The Acquisition of Women's Suffrage

The Acquisition of Women's Suffrage

Length: 305 words (0.9 double-spaced pages)

Rating: Excellent

Open Document

Essay Preview

More ↓
The Acquisition of Women's Suffrage

In this essay I will Asses the validity of the two views on why women
over 30 gained the vote in 1918. Some people believe that women got
the vote because of the struggle to gain the vote, for example the
activities of the Suffragists and Suffragettes. Other people however,
would argue that women got the vote due to their contribution to the
war effort.

Those people who believe that it was the activities or the campaign of
the Suffragists and Suffragettes that earned women the vote in 1918
would argue that their activities made the public realise that women
could be doing other things apart from looking after the children.
They made a lot of effort to try and convince other women that men
were not better than them by producing their own newspapers, holding
public meetings, presenting petitions to the government and forming
peaceful marches.

However those people that don’t agree with this could argue that the
illegal, violent and militant activities of the Suffragettes hardened
the opposition to their demands. The government decided that they
didn’t want to give women the vote if they were lawless and destroyed
other people’s properties as well as risking other people’s lives. The
activities of the Suffragettes made the government very angry and

Women helped the government during the war. They worked in the armed
forces as nurses, in the Voluntary Aid Detachments as drivers and
secretaries and in the motorcar industry as mechanics. The government
would not have survived during the war without the help of the women
so they decided to give women the vote as a reward for their hard

Based on the evidence presented above, I can conclude that both
arguments are very valid. We cannot lose the site that women struggled
to get the vote. They put their lives in risk just to achieve their

How to Cite this Page

MLA Citation:
"The Acquisition of Women's Suffrage." 20 Aug 2018

Need Writing Help?

Get feedback on grammar, clarity, concision and logic instantly.

Check your paper »

Essay on Women's Suffrage in the 1800’s-19th Century

- Women, like black slaves, were treated unequally from the male before the nineteenth century. The role of the women played the part of their description, physically and emotionally weak, which during this time period all women did was took care of their household and husband, and followed their orders. Women were classified as the “weaker sex” or below the standards of men in the early part of the century. Soon after the decades unfolded, women gradually surfaced to breathe the air of freedom and self determination, when they were given specific freedoms such as the opportunity for an education, their voting rights, ownership of property, and being employed....   [tags: Suffrage, history, ]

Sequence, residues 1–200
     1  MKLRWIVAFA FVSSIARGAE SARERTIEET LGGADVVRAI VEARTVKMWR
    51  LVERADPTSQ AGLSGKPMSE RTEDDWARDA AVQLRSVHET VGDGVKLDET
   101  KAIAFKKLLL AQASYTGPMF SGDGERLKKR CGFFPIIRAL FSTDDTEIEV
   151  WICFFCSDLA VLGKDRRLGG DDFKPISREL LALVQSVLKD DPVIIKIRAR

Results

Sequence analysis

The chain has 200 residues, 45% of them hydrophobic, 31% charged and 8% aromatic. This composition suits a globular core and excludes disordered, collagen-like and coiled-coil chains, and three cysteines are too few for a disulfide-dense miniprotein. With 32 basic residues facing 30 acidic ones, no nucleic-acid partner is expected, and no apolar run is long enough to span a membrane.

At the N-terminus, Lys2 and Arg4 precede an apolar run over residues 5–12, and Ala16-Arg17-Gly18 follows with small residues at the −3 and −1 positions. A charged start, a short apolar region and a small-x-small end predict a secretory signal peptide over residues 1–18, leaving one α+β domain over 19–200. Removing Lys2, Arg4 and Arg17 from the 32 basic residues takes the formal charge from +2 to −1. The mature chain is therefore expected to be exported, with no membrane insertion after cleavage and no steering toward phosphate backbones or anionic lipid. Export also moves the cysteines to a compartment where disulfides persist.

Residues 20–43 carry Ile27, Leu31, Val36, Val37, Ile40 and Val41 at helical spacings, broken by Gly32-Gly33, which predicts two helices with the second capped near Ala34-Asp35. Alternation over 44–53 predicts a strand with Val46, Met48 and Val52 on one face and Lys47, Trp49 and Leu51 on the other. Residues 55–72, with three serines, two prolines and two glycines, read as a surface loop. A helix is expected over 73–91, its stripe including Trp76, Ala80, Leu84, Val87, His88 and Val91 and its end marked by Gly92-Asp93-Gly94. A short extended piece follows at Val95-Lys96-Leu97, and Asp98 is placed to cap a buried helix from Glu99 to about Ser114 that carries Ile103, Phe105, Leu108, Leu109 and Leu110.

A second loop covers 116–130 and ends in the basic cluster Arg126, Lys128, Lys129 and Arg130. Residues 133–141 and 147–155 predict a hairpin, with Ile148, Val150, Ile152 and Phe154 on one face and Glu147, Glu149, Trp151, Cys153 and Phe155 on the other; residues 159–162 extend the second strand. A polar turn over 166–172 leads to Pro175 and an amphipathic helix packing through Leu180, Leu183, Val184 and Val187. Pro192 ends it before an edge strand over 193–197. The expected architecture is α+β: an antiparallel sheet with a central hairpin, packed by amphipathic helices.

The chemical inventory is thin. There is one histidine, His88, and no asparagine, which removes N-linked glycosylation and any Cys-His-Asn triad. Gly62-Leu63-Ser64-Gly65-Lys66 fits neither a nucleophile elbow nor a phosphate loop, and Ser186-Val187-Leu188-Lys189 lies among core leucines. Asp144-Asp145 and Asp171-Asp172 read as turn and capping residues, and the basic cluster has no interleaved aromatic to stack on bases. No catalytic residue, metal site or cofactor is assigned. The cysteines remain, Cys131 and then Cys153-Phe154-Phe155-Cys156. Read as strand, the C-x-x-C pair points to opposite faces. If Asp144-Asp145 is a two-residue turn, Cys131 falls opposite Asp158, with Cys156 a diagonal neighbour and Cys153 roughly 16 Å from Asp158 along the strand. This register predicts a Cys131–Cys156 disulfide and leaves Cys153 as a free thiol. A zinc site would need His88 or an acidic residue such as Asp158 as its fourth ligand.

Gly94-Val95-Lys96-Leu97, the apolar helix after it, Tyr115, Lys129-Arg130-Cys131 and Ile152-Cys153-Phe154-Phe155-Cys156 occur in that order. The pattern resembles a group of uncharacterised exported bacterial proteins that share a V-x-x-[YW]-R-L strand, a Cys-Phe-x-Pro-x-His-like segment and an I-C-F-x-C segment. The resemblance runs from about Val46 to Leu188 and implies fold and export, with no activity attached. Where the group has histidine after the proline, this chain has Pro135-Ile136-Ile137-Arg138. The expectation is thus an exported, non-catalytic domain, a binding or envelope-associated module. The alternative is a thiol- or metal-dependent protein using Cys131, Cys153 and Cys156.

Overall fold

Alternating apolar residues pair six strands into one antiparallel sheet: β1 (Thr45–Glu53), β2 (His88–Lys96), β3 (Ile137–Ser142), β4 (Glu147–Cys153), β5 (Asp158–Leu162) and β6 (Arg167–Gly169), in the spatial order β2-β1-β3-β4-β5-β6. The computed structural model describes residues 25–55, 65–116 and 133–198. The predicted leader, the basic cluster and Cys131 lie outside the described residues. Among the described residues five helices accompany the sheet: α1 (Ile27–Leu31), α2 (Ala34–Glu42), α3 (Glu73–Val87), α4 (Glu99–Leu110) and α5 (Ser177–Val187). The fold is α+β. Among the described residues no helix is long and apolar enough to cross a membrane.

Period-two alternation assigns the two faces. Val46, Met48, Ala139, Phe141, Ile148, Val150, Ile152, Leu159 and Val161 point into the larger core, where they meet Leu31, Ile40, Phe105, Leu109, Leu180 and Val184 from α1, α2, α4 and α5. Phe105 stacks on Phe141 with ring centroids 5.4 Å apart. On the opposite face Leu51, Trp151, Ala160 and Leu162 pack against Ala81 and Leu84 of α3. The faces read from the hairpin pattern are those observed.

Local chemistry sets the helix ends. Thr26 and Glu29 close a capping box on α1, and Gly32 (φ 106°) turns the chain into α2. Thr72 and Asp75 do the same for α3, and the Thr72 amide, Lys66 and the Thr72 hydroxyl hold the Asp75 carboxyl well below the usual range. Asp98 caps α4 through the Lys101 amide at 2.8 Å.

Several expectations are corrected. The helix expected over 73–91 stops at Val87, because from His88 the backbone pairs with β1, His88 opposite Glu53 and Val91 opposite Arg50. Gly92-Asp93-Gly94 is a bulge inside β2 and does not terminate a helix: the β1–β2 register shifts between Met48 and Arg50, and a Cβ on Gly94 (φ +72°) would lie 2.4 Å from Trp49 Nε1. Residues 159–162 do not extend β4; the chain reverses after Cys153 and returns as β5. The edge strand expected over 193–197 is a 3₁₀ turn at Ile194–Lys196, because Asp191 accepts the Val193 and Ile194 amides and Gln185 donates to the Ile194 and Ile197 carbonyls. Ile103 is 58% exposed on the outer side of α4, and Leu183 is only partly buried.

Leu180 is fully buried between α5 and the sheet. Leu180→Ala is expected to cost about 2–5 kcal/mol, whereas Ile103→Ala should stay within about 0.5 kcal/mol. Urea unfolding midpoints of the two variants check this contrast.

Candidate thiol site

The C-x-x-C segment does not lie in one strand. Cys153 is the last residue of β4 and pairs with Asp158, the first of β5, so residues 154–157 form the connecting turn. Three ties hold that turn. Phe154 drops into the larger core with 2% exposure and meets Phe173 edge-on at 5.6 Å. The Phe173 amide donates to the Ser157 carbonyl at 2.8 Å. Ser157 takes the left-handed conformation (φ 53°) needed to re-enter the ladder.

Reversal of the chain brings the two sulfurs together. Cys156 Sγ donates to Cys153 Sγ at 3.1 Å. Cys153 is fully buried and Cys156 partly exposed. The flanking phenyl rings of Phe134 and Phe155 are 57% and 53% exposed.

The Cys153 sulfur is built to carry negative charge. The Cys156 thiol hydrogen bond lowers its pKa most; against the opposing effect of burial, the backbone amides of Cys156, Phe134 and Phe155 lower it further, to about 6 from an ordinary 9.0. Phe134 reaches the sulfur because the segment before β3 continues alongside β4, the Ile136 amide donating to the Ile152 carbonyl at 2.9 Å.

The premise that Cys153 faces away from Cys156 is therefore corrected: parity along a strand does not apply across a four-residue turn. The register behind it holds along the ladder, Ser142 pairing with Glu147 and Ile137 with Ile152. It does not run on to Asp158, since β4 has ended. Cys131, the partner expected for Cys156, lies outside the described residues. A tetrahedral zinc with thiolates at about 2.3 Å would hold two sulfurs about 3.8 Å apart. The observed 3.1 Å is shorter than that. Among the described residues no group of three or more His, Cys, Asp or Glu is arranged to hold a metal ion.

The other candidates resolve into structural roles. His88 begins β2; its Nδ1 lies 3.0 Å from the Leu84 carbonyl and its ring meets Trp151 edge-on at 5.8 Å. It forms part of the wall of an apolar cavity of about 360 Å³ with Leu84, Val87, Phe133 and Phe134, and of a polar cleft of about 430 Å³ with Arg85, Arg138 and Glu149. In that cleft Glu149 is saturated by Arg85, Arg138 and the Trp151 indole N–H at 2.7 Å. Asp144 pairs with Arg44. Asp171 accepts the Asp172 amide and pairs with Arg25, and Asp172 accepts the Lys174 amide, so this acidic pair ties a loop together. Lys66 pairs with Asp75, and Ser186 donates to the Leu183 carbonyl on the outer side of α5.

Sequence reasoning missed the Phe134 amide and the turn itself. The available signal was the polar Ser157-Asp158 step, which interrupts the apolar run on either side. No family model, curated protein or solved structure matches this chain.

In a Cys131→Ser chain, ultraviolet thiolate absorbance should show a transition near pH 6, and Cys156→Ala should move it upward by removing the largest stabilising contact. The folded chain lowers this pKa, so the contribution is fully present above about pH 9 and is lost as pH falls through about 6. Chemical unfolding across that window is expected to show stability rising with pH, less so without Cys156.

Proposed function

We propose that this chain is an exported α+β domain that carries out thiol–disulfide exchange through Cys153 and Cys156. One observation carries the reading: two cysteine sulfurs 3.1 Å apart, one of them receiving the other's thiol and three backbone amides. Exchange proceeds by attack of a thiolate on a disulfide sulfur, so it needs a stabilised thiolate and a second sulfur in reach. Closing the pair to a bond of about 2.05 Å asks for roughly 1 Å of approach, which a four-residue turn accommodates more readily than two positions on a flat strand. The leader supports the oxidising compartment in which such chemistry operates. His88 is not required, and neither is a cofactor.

Research Papers
1178 words (3.4 pages)

Women's Suffrage Essay example

- Women's Suffrage Women’s Suffrage is a subject that could easily be considered a black mark on the history of the United States. The entire history of the right for women to vote takes many twists and turns but eventually turned out alright. This paper will take a look at some of these twists and turns along with some of the major figures involved in the suffrage movement. Women's Suffrage Background The first recorded instance in American history where a woman demanded the right to vote was in 1647....   [tags: Women Vote Suffrage]

Free Essays
1075 words (3.1 pages)

Women's Suffrage Essay

- People in this time viewed women as citizens, but only when it came to certain aspects. One of these aspects did not include the right to vote. The right to vote was for landowners or passed-down political power. By most of the authors in Chapter 10 (WRW, 276-294) women were looked at as inferior. Men have always been the strong one and they thought without man we would not be anywhere. Some even suggested that since the male had a penis he was automatically stronger than a woman who did not have one....   [tags: Women Suffrage Vote]

Free Essays
411 words (1.2 pages)

The Suffrage Movement Analysis Essay examples

- The suffrage movement of the late 19th and early 20th centuries, began with the Seneca Falls Convention in 1848 during which early suffrage leaders including Elizabeth Cady Stanton and Susan B. Anthony proposed the Declaration of Sentiments, a document stating the rights that women demanded (4).Women argued that they deserved to vote as it was a basic right that everyone should be guaranteed as an American citizen (5). Considering that women must obey the same laws and pay the very same taxes as men, it was necessary that they receive a voice in these laws (5)....   [tags: suffrage movement, women rights, equality]